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Onto-Med >> Theories >> GFO Part I Basic Principles

 
   

11.2 Situoids and Configuroids

Configurations have a counterpart in the realm of processes, which we call configuroids. They are, in the simplest case, integrated wholes made up of material structure processes and property processes.

Furthermore, there is a category of processes whose boundaries are situations, and that satisfy certain principles of coherence, comprehensibility and continuity. We call these entities situoids; they are regarded as the most complex integrated wholes of the world. As it turns out, each of the entities we have considered thus far, including processes, can be embedded in a situoid. A situoid is, intuitively, a part of the world that is a coherent and comprehensible whole and does not need other entities in order to exist. Every situoid has a temporal extent and is framed by a topoid. An example of a situoid is ``John's kissing of Mary'', conceived as a process of kissing in a certain environment which contains individuals of the persistants John and Mary.

Every situoid is framed by a chronoid and a topoid. We use here two relations $\Gtframe(s,x)$, and $\Gsframe(s,y)$. Note that the relation $\Gtframe(s,x)$ is equivalent to $\Gprt(s,x)$, since a situoid is a process. The relations $\Gprs(s,x)$ and $\Gsframe(s,x)$ are different, though, such that the following relation is satisfied: $\Gprs(s,x) \Land \Gsframe(s,y) \rightarrow \Gspart(x,y)$.

Every temporal part of a situoid is a process aggregate. The temporal parts of a situoid $s$ are determined by the full projection of $s$ onto a part of the framing chronoid $c$ of $s$. This full projection relation is denoted by $\Gprt(a, c, b)$, where $a$ is a situoid, $c$ is a part of the framing chronoid of $a$, and $b$ is the process that results from this projection. Boundaries (including inner boundaries) of situoids are projections to time-boundaries. We assume that projections of situoids to time-boundaries, which are denoted by $\Gprb(a, t, b)$, are situations. In every situation, a material structure is contained, and we say that a presential $e$ is a constituent of a situoid $s$, $\Gcpart(e,s)$, iff there is a time-boundary $t$ of $s$ such that the projection of $s$ onto $t$ is a situation containing $e$.

Situoids can be extended in two ways. Let $s$, $t$ be two situoids; we say that $t$ is a temporal extension of $s$, if there is an initial segment $c$ of the chronoid $t$ such that the projection of $t$ onto $c$ equals $s$. We say that $t$ is a structural extension of $s$ if $s$ is a structural layer of $t$ (cf. section 8.1). Both kinds of extensions can be combined to form the more general notion of a structural-temporal extension. Reality can - in a sense - be understood as a web of situoids that are connected by structural-temporal extensions. The notion of an extension can be relativized to situations. Since there cannot be temporal extensions of situations, an extension $t$ of the situation $s$ is always a structural extension. As an example, consider a fixed single material structure $P$, which occurs in situation $s$. Every extension of $s$ is determined by adding further qualities or relators to $s$ to the intrinsic properties of $P$. A quality-bundle that is unified by the material structure $P$ is called saturated if no extension of $s$ adds new qualities. It is an open question whether there is an extension $t$ of $s$, such that every material structure $P$ in $t$ unites with a saturated bundle of qualities.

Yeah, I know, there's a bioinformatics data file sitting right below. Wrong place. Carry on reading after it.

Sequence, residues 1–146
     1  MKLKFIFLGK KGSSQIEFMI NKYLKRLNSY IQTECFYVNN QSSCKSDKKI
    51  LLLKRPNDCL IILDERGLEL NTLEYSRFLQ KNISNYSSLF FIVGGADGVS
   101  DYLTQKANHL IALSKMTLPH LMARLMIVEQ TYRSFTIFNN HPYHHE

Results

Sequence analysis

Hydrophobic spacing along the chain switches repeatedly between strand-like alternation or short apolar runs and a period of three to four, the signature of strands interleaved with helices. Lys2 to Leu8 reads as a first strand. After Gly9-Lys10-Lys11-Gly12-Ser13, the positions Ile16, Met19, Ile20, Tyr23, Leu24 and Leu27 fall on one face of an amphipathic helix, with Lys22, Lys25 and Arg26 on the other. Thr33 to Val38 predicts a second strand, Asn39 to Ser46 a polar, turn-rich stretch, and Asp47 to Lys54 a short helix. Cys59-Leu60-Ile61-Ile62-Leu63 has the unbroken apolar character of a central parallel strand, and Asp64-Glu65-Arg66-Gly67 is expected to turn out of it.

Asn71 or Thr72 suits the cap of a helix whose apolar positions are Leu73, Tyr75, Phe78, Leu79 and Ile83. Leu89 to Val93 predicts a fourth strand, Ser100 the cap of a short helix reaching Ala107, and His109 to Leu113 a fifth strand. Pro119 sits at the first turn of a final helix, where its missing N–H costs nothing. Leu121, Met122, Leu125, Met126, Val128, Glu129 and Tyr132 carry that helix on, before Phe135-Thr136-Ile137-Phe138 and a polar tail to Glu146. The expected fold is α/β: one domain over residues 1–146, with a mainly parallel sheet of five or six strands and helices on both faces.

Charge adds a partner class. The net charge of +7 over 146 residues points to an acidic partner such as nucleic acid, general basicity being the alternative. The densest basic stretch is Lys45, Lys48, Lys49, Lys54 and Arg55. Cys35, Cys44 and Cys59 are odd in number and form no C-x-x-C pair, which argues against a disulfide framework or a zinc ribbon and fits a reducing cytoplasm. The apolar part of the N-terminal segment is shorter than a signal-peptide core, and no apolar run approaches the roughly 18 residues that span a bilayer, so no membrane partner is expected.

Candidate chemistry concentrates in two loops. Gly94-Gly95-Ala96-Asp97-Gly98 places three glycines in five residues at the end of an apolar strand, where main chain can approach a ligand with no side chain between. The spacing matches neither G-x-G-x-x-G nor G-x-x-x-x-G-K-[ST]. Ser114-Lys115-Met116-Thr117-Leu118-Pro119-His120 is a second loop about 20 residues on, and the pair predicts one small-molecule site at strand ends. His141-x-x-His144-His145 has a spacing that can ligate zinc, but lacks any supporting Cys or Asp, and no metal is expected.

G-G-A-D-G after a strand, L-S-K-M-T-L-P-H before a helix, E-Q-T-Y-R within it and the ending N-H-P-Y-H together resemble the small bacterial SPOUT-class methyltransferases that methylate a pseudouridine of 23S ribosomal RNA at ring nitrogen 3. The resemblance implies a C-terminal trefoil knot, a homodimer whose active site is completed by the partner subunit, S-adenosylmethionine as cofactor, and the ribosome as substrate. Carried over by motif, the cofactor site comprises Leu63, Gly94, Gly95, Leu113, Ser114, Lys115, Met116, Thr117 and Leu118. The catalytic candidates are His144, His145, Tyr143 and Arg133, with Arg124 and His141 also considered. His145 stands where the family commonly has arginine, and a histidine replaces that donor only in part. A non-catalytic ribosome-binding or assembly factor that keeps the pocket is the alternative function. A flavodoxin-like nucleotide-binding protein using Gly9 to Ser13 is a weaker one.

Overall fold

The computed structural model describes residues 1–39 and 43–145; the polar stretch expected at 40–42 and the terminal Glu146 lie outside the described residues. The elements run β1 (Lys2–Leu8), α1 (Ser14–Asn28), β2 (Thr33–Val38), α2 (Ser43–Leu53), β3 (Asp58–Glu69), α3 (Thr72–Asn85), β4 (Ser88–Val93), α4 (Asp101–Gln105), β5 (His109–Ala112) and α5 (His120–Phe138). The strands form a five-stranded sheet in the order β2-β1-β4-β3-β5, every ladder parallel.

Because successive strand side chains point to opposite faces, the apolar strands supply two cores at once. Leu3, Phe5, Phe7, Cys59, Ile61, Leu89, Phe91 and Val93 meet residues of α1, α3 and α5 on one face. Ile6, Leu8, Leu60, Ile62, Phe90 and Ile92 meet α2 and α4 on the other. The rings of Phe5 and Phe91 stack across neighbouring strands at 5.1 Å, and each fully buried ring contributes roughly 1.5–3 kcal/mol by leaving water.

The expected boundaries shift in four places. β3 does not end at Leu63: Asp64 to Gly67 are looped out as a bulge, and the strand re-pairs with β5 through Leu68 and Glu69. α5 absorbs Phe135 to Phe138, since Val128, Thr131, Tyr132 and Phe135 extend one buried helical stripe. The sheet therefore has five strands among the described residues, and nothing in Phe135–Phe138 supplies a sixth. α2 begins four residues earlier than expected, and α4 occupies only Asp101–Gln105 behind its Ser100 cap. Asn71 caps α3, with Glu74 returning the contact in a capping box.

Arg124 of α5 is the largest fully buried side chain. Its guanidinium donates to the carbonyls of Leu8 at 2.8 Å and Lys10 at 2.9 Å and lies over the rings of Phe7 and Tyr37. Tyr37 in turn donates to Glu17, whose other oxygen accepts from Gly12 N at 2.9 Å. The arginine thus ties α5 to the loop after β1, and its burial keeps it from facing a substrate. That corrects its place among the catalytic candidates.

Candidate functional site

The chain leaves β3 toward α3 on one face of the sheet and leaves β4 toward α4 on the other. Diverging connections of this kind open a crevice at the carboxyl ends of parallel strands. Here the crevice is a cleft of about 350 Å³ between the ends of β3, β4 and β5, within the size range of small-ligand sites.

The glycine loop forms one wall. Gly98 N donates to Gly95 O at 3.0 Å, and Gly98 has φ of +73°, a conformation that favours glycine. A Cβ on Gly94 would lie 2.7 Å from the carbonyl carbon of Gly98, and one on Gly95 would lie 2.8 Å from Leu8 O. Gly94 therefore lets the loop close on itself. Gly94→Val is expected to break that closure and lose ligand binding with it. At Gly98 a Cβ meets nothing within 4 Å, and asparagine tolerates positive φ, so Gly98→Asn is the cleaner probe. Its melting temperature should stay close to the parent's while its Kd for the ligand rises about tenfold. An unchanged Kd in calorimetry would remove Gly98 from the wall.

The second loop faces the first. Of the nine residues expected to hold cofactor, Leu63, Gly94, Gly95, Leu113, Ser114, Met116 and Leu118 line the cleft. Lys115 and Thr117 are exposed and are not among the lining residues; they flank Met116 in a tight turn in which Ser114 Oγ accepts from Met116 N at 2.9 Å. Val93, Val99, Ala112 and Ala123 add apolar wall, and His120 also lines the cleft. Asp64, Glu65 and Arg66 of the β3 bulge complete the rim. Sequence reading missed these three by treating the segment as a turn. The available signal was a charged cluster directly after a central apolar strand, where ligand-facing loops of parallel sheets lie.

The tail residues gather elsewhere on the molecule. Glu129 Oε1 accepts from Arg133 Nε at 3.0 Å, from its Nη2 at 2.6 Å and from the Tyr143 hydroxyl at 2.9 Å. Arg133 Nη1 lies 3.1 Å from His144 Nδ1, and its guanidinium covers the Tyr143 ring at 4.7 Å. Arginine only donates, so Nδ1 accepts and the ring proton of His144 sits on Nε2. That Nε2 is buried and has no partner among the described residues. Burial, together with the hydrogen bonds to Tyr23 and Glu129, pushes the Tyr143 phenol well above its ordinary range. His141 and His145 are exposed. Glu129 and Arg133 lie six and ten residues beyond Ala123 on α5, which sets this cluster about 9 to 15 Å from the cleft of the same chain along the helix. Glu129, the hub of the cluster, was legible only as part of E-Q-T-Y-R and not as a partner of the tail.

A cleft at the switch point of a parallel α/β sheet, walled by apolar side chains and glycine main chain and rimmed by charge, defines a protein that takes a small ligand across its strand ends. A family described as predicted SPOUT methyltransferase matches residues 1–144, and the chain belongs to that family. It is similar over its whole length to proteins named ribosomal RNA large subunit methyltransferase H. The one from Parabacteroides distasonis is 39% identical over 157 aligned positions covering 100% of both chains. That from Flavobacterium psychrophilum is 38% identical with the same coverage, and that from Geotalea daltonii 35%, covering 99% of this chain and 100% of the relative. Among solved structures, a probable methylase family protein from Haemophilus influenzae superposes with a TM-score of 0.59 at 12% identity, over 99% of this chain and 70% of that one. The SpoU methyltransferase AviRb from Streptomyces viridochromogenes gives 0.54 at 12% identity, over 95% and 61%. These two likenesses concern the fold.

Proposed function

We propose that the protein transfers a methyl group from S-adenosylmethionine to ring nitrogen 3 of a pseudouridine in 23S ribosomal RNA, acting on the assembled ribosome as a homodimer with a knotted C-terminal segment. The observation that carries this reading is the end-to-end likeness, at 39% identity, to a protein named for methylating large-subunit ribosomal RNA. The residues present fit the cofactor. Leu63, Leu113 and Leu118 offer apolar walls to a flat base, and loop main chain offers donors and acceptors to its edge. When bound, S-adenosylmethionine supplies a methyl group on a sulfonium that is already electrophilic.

A configuroid $c$ in the situoid $s$ is defined as the projection of a structural layer of $s$ onto a chronoid, which is a part of the time-frame of $s$. In particular, every structural layer of $s$ is itself a configuroid of $s$. Obviously every configuroid is a process. But not every process is a configuroid of a situoid, because not every process satisfies the substantiality condition.

We postulate as a basic axiom that every occurrent is - roughly speaking - a ``portion'' of a situoid, and we say that every occurrent is embedded in a situoid. Furthermore, we defend the position that processes should be analyzed and classified within the framework of situoids. Also, situoids may be used as ontological entities representing contexts. Developing a rigorous typology of processes within the framework of situoids is an important future project. Occurrents may be classified with respect to different dimensions, among them we mention the temporal structure and the granularity of an occurrent.

As a final note regarding situoids, configurations, and their relatives, there are a number of useful, derivable categories. For instance, one can now define situational histories as histories that have only situations as their boundaries. In general, the theory of these entities is considered a promising field for future research.

Robert Hoehndorf 2006-10-18
 
       
     
     
     

   
     
     
       
 

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